HUNTINGTON, W.Va. — West Virginia’s first-of-its-kind syringe exchange program will launch Wednesday in Huntington and Cabell County.
“The community has recognized a need and demand of this service for some time and we’re just excited to be able to offer it,” said Michael Kilkenny, the physician director for the Cabell-Huntington Health Department.
The pilot project will involve education and treatment resources to make clean needles more readily available. There will also be efforts to stop the spread of infectious diseases, like hepatitis B and hepatitis C, by giving addicts points of contact within the health department.
On Tuesday, health officials introduced a Harm Reduction Program that offers additional services during the same time of the exchanges.
“We will be able to offer them an interview with an addiction recovery coach or we’re going to have a community engagement specialist,” Kilkenny told MetroNews on Tuesday.
The community engagement specialist can help an addict with signing up for programs, insurance, housing and what kind of resources may be available to them to improve his or her living conditions.
Kilkenny said they are also offering hepatitis and HIV testing, so patients can know their status.
“If they have concerns about sexually transmitted diseases, we will be able to address what they would need to do to get those things tested here or if they have a particular illness at the time that they come, we may be able to address that also,” he said.
Health officials have said the hope in the next two years is for West Virginia to no longer lead the nation in hepatitis C cases.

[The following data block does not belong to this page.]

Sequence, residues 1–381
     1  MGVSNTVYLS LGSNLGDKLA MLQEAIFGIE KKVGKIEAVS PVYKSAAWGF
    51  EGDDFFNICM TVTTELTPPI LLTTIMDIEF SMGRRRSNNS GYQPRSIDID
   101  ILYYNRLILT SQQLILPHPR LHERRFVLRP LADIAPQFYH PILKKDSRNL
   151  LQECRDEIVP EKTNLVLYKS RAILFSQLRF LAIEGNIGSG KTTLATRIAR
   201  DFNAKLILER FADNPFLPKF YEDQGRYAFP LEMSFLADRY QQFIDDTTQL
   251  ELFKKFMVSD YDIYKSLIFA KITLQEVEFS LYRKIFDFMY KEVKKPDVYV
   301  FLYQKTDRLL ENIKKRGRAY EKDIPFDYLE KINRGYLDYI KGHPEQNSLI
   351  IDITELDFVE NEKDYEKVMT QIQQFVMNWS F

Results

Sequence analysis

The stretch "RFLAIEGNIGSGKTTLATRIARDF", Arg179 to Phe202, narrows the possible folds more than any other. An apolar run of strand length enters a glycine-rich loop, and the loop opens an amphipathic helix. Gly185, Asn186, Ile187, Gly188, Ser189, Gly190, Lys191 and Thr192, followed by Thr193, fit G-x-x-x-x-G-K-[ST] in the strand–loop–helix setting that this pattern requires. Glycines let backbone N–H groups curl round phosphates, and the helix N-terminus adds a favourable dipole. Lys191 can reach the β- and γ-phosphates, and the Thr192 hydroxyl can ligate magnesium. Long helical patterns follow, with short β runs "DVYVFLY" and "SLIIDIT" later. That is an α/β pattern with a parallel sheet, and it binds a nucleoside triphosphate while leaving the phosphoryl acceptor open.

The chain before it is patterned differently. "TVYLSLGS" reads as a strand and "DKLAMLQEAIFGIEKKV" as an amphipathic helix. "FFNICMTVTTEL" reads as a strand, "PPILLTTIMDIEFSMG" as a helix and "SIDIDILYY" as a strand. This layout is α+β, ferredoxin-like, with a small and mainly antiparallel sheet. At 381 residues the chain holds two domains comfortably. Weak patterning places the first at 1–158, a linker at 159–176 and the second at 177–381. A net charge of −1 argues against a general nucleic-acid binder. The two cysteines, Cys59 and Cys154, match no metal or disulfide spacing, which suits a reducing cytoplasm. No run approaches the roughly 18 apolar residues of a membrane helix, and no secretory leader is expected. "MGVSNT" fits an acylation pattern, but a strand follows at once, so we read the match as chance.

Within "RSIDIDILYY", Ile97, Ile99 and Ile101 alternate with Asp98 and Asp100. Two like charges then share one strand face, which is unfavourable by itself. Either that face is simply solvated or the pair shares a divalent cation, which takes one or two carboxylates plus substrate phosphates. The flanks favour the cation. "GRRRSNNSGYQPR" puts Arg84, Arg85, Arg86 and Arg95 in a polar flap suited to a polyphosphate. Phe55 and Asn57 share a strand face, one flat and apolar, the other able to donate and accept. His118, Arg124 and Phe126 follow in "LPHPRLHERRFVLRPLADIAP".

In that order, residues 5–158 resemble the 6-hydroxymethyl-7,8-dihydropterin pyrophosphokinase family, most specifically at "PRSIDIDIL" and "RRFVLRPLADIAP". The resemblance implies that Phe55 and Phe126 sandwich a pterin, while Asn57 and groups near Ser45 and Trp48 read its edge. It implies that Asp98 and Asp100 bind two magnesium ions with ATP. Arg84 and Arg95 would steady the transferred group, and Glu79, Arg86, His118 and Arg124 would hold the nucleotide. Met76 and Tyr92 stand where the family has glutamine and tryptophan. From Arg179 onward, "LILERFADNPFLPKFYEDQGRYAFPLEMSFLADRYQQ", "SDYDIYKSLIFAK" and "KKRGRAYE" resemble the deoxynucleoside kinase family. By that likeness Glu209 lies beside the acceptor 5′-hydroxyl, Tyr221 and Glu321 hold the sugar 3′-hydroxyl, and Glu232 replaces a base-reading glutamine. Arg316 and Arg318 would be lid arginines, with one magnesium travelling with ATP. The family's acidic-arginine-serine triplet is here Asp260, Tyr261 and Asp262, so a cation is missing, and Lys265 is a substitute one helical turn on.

“It’s vitally important that we be able to reduce the spread of those diseases, but more than that, we want to address the root cause — which is addiction,” Kilkenny said.
A recent study from the U.S. Centers for Disease Control and Prevention found hepatitis C cases across four Appalachian states – West Virginia, Kentucky, Tennessee and Virginia – more than tripled between 2006 and 2012.
In 2012, West Virginia had the second highest rate of hepatitis C in the entire United States, according to the CDC.
Already this year, more than 200 drug overdoses have been reported in Cabell County and many of those overdoses have involved heroin. Overdoses have killed at least two dozen people, city and county officials had said.
“The addiction is what we’d really like to get treated and cured or at least get people into recovery, so that they can stop using IV drugs and get on with their lives,” Kilkenny said. “That’s what our ultimate goal is.”
In July, the state Department of Health and Human Resources put $20,000 into the program. Half the funds went to the program itself and the other half went toward technical support for the syringe exchanges, or SEP, designed to reduce illnesses and infections.